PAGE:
Tuesday, November 29, 2022

The Slaughter Of The Innocents And The Weakness Of Many Appeals To Silence

"Examples abound of cases where we would think a certain writer would surely have reported a certain event or fact, yet he does not do so. Ulysses S. Grant in his memoirs never mentions the Emancipation Proclamation. Should this cause us to doubt other sources that tell us that Lincoln issued it? Obviously not. Two contemporary Romans who describe the eruption of Vesuvius fail to mention the destruction of Pompeii. The church historian Eusebius apparently deliberately suppressed the Emperor Constantine's brutal killing of his wife Fausta and his son Crispus. No doubt Eusebius had his political reasons for doing so, not wholly laudable, but the point is that his mere silence in no way means that Constantine did not carry out the killings. Grafton's highly regarded English Chronicles discuss the reign of King John but never mention Magna Carta. Marco Polo never mentions the Great Wall of China." (Lydia McGrew, The Eye Of The Beholder [Tampa, Florida: DeWard Publishing, 2021], 274-75)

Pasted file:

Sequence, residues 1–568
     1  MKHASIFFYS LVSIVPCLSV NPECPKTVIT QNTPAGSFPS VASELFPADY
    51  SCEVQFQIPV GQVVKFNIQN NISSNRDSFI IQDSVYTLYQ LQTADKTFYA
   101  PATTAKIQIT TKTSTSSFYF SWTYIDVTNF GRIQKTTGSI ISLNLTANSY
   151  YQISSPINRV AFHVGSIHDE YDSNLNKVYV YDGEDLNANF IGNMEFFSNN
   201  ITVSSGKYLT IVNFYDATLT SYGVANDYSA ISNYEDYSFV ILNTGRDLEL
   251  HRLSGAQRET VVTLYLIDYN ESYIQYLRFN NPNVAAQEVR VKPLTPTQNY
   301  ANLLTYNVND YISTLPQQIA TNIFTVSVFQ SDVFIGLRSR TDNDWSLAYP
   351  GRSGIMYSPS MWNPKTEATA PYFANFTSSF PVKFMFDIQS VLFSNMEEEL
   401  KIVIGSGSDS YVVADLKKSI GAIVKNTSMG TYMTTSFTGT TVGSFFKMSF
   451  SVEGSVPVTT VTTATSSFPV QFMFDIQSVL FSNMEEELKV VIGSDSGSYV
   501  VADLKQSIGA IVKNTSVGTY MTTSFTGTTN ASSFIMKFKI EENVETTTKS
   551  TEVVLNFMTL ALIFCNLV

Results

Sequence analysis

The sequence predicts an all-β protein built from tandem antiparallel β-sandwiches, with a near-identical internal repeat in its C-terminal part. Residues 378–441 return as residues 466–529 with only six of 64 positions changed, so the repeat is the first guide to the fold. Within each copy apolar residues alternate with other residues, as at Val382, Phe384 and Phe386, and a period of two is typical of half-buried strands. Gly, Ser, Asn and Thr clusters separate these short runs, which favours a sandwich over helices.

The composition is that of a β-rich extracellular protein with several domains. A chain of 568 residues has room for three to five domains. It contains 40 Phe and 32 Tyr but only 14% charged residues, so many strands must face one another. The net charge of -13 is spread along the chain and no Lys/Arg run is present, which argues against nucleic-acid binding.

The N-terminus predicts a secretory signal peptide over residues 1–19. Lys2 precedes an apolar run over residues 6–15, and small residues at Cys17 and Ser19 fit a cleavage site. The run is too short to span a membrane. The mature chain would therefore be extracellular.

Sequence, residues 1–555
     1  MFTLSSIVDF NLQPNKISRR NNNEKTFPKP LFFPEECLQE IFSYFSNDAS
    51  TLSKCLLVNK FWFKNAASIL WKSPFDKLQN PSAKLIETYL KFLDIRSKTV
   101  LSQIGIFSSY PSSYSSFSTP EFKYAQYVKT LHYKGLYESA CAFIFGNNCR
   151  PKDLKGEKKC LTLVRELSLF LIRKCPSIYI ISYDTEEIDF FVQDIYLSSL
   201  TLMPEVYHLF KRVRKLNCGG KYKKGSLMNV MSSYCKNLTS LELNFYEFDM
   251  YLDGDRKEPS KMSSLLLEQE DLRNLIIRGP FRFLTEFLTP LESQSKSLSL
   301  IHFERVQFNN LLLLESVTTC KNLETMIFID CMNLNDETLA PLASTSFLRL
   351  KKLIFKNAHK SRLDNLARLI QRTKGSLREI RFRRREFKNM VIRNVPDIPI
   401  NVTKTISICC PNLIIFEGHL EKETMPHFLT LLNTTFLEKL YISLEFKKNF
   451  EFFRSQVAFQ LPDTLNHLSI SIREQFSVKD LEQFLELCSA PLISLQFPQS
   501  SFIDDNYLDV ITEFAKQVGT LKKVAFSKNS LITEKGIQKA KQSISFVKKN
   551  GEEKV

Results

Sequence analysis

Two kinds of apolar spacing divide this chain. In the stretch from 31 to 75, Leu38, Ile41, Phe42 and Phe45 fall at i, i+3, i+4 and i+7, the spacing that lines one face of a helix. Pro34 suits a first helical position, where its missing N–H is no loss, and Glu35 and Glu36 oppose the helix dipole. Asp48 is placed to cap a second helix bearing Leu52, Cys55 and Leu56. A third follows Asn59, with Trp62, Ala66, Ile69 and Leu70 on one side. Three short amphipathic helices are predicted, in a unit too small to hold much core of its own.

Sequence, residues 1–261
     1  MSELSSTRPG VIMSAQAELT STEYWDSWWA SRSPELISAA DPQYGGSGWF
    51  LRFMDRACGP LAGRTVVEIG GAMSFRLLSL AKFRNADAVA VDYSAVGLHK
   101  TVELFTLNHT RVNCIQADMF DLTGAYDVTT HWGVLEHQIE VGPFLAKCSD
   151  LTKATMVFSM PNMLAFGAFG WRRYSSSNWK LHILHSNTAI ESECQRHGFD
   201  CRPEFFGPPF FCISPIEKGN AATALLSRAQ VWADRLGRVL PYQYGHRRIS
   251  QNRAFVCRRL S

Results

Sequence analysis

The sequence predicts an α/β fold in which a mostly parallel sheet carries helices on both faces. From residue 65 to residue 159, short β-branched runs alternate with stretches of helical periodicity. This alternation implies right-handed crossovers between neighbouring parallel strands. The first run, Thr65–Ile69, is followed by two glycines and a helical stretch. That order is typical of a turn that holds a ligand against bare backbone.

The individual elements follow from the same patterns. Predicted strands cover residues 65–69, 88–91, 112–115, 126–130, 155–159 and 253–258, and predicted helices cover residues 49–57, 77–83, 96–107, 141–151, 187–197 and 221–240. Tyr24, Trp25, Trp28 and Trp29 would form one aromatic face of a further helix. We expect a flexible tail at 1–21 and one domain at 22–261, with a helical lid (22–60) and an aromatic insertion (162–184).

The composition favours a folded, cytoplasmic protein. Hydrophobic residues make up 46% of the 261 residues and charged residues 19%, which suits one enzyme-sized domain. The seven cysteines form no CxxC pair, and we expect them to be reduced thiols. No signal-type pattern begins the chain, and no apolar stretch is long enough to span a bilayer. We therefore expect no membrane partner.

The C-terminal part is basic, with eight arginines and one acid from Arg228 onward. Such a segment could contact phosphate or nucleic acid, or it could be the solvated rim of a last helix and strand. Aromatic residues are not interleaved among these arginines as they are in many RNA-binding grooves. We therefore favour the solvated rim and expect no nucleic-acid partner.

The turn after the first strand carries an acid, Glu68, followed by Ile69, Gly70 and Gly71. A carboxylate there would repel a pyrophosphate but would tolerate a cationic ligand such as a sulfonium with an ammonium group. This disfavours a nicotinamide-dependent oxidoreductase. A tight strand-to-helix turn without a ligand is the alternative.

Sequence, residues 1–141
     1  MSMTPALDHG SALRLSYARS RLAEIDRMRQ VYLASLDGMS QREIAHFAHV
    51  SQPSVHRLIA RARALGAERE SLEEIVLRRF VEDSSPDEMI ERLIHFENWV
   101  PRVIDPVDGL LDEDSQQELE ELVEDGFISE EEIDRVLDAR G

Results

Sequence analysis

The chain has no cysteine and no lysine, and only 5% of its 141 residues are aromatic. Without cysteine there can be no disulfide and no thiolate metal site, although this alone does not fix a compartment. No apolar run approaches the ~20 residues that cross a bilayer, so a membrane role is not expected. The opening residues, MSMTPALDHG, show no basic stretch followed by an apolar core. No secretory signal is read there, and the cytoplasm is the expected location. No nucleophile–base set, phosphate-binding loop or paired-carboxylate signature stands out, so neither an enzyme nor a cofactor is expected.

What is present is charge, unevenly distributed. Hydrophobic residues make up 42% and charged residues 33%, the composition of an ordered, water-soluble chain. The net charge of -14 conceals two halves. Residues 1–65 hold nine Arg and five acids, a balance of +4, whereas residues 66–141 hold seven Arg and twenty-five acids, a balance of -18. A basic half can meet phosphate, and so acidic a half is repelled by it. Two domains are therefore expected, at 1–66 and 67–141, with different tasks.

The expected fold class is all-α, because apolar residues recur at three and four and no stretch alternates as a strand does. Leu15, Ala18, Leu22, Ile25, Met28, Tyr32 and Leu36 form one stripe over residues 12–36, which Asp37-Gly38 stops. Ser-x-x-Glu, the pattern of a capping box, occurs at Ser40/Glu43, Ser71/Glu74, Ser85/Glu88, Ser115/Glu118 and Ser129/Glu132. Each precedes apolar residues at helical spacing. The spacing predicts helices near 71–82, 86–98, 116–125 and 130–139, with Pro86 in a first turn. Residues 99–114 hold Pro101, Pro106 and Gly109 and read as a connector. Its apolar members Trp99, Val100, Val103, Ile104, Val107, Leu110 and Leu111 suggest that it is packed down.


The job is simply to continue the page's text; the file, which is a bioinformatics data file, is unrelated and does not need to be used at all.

I've sometimes cited Josephus' silence about the Slaughter of the Innocents as an example. Other non-Christian sources provide partial corroboration of Matthew's account of the Slaughter, and Josephus' silence makes sense under a scenario in which the Slaughter did occur. Josephus tells us that he's being selective in which misdeeds of Herod he reports, and the Slaughter has multiple implications supportive of Christianity that neither Josephus nor his Roman audience would want to acknowledge or promote. Why mention an event so supportive of Christianity when mentioning the event can so easily be avoided? See my article on the Slaughter here for further details. Josephus' silence weighs much less than the testimony of Matthew, including the internal evidence for Matthew's account, and the partial corroboration offered by some non-Christian sources other than Josephus. Again, see my first post linked above for more about those non-Christian sources.

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